Shift work is a mainstay of freelance journalism, and the way many newly qualified journalists get their first foot on the job ladder. But for those fresh out of college, it can be a bewildering way to start out. Just how should you go about getting shifts, how can you impress, and what rights do you have once you start casual work?
‘Nothing beats networking, except perhaps nepotism,’says Chris Wheal, freelance journalist and chair of the NUJ‘s Professional Training Committee. ‘You can get work through the contacts you have made at NUJ branch and chapel meetings, through your own work experience and from your college.
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‘Cold-calling is incredibly difficult. Use internet forums too to make contacts – I gave some paid shifts to a student who I got to know through The Fleet Street Forum, so it does work.
‘Covering for staff summer holidays is a good way to get shifts, so don’t bugger off on your round the world trip in the summer.”
Brian Whitaker, an editor on Comment is Free, and former managing editor of The Guardian said that those looking for more than just a bit of extra cash tend to be the best candidates: ‘If I was hiring casuals myself today I would look for people who are trying to move up the ladder and get some experience to put on their CV, rather than those who are basically looking for some extra money to pay their mortgage.”
How to impress
Getting your first shift is just the first step. To become a regular shift worker, and even to net a full-time job, it’s important you stand out. Knowing the basics – house style, how to structure a story, using simple language – is a start, but to stand out you’ll need to do more.
Wheal suggests that learning the news editor’s preferred story angles and intros is a good start, adding: ‘Even better, bring in an off-diary story from your own contacts – that will impress.”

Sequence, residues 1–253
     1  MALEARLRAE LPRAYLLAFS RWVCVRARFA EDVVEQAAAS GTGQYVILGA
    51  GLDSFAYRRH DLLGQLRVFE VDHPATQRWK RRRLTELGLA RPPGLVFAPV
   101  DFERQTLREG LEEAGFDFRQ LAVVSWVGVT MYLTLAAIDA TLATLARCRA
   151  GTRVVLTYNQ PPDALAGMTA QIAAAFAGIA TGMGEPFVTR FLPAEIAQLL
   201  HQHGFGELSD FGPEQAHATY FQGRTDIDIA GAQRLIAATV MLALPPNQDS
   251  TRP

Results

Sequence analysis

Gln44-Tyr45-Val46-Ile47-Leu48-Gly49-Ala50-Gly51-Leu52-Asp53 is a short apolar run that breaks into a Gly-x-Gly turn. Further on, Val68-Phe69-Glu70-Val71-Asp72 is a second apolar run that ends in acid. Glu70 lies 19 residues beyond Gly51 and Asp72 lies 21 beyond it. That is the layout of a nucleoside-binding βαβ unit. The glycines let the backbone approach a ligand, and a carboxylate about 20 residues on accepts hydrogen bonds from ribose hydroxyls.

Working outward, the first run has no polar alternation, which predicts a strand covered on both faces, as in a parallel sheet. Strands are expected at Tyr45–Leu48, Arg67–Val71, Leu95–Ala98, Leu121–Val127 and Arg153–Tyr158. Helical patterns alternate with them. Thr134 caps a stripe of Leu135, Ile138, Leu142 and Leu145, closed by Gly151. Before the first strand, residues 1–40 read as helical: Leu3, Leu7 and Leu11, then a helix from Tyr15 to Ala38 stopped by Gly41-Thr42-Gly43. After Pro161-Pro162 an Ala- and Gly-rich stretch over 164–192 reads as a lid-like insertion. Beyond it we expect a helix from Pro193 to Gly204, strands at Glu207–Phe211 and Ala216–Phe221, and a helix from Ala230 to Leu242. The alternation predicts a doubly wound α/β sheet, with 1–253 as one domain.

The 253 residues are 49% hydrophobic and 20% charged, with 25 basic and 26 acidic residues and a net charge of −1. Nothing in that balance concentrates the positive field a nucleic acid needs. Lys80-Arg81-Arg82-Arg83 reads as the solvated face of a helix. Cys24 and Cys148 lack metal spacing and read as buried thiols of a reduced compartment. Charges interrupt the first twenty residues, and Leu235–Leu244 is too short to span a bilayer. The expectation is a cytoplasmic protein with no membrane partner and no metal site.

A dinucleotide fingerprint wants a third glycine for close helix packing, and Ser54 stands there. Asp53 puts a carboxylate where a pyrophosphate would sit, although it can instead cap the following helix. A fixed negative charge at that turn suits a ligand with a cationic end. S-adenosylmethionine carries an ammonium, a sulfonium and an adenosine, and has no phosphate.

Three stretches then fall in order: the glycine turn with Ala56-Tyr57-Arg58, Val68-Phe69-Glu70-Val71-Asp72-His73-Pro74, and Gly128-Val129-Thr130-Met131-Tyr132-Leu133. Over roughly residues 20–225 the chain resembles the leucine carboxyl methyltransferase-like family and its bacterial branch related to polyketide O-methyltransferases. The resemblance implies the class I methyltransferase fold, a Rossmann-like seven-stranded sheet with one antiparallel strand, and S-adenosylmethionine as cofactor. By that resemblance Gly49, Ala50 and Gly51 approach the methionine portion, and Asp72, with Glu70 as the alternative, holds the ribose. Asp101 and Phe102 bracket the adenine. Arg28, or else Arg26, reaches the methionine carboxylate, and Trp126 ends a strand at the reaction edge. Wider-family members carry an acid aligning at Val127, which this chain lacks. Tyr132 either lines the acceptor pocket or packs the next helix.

Daily rates on magazines and regional titles start from about £120 a day, though as a new graduate you may be expected to prove your worth on less. Expect to earn less working for a local paper. Detailed guidance on rates is available from the NUJ’s freelance website.
Know your rights
Changes to employment law mean casual workers have some protection from day one. From your first shift, you are entitled to the minimum wage, equal pay, working hours and breaks, protection against discrimination, and the right not to be refused work due to union membership.
The introduction of such protections have made some publications more cautious about taking on casuals. ‘These days, once people start working regular shifts they soon acquire employment rights,’said Whitaker. ‘That’s good for the people concerned, but it often means they get a permanent job by default, without going through a proper selection procedure.
‘That cuts across the principle of equal opportunities – an area where the newspaper industry’s performance is already far from exemplary.”
As ever with journalism, the key is getting your foot in the door, or failing that, keeping in touch with people who have. ‘I think it’s fair to say there was also a certain amount of cronyism in the system – people wangling shifts for their mates, that sort of thing,’said Whitaker.